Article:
Officials Mishandled Trans-Africa Airlift Contract, Pentagon Watchdog Finds

Nigerien soldiers receive a counter IED class during an exercise sponsored by U.S. Africa Command in Diffa, Niger, Feb. 28, 2017. Nigerien soldiers receive a counter IED class during an exercise sponsored by U.S. Africa Command in Diffa, Niger, Feb. 28, 2017. U.S. Army photo by Staff Sgt. Kulani Lakanaria

Just days after the Pentagon released a post-mortem on a fatal ambush of U.S. combat troops in Niger last year, the department’s watchdog criticized U.S. Africa Command for mishandling a contract for conducting emergency evacuation services and airlifting cargo across the continent.

Defense Department rules required the command to conduct what is called a Service Requirements Review Board to analyze and verify its requirements before U.S. Transportation Command awarded a $900 million contract for trans-Africa airlift support.

The command’s contracting staff “did not take responsibility as the requiring activity” for the contract, with Transportation Command officials assuming that as long as they received funding and a performance work statement, “the requiring activity had validated the requirements,” said the report dated May 8.

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The result, the IG found, was that the requirements for the contract “may not be accurate.”

The 12-month, indefinite-delivery/indefinite-quantity contract was signed in February 2017 with AAR Airlift, Berry Aviation Inc., and Erickson Helicopters. It had four option years with a maximum value of $900 million.  

Yet it “included requirements for intelligence that were not clear and some medical services that may unnecessarily increase costs.” The requirements also allowed the contractor, the report noted, “to refuse any mission for safety reasons, which could delay the recovery and return of U.S. Military, DoD civilians, and DoD contractor personnel who are isolated or missing in an uncertain or hostile environment.”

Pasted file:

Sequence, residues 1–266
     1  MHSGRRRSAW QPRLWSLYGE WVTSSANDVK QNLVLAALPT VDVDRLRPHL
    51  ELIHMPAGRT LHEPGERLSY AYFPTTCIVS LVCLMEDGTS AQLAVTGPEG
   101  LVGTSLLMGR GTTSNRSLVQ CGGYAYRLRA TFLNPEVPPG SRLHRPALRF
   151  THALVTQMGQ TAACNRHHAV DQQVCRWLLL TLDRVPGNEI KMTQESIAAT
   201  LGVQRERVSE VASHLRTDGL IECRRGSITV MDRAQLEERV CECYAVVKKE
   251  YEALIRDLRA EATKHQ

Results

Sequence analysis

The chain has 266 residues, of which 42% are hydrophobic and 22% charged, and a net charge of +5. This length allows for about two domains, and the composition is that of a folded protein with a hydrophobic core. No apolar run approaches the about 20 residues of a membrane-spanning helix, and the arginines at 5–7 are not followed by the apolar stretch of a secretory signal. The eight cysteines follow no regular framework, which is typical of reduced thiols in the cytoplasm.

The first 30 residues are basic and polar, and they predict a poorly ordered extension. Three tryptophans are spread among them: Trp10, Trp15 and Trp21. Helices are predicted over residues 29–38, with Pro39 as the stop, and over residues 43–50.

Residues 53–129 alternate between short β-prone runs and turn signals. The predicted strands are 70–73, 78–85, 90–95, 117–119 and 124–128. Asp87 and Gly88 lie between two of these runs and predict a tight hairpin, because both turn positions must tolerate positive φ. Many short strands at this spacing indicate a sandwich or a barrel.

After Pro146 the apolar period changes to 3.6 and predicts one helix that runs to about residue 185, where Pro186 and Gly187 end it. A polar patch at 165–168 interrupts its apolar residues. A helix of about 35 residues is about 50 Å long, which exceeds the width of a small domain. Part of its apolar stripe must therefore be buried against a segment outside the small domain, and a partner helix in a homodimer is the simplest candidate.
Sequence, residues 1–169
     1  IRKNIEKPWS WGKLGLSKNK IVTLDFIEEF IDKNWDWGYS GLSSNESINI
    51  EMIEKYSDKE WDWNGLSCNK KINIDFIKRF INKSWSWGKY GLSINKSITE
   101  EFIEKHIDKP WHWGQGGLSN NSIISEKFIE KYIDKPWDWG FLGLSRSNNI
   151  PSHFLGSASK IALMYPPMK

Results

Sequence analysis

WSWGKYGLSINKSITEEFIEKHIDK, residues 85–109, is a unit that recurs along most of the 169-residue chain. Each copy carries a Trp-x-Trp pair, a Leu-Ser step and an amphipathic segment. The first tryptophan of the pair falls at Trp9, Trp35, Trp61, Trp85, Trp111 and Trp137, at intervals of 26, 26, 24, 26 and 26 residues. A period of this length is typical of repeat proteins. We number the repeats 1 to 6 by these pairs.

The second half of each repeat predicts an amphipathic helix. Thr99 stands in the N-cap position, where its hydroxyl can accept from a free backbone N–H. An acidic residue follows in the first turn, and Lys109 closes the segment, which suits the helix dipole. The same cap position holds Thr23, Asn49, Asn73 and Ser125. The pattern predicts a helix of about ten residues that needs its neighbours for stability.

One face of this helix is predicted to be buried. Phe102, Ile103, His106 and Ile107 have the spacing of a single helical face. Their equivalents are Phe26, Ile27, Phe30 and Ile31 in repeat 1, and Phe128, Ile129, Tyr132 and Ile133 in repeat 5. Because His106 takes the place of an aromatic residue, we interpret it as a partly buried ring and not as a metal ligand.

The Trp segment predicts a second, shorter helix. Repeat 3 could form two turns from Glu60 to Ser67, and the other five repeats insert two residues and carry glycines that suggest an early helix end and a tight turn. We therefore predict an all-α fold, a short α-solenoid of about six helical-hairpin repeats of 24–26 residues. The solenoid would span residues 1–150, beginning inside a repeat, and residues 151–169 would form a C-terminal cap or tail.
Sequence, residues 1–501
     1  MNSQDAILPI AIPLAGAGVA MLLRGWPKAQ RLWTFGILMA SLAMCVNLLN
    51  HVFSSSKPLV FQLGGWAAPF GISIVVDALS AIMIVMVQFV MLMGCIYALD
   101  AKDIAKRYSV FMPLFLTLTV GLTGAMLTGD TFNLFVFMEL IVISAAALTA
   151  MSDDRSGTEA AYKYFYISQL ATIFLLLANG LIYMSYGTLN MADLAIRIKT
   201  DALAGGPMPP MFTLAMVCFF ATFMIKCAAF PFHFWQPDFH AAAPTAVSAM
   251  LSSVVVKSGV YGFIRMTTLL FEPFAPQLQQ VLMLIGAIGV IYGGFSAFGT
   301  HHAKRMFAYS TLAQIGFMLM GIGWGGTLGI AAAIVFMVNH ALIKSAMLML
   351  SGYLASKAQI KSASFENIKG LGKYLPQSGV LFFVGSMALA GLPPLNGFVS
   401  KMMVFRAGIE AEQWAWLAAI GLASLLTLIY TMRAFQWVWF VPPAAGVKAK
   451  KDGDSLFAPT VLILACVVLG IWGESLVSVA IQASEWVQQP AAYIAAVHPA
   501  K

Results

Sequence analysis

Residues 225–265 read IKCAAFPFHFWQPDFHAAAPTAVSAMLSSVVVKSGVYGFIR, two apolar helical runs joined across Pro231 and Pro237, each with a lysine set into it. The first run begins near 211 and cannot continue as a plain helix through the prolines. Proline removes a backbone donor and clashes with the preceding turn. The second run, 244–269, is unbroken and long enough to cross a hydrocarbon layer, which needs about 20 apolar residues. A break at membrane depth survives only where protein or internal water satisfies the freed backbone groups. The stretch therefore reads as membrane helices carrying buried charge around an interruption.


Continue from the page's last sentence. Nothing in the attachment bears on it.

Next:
Auditors found no evidence that Africa Command conducted the mandatory review “to document its decision on whether to use contractor or military support for airlift services.”

In addition, the Defense undersecretary, the chief financial officer, “did not implement strong internal controls at the DoD level to improve reporting, but instead relied on controls at the component level,” the report said, leaving a broad set of requirements that “may lead to the acquisition of intelligence services beyond what is necessary for flight mission planning.”

The performance statement may have been vulnerable to wasteful requirements because it mentioned physicians, physician assistants, nurse practitioners, paramedics, and intensive care unit nurses that are already provided by the military.

The IG recommended that Africa Command develop and implement a training program for acquisition personnel to ensure that requirements are reviewed prior to awarding contracts, and that it conduct such a review of the airlift contract in question.

Africa Command declined to respond, but Transportation Command agreed with the recommendations.

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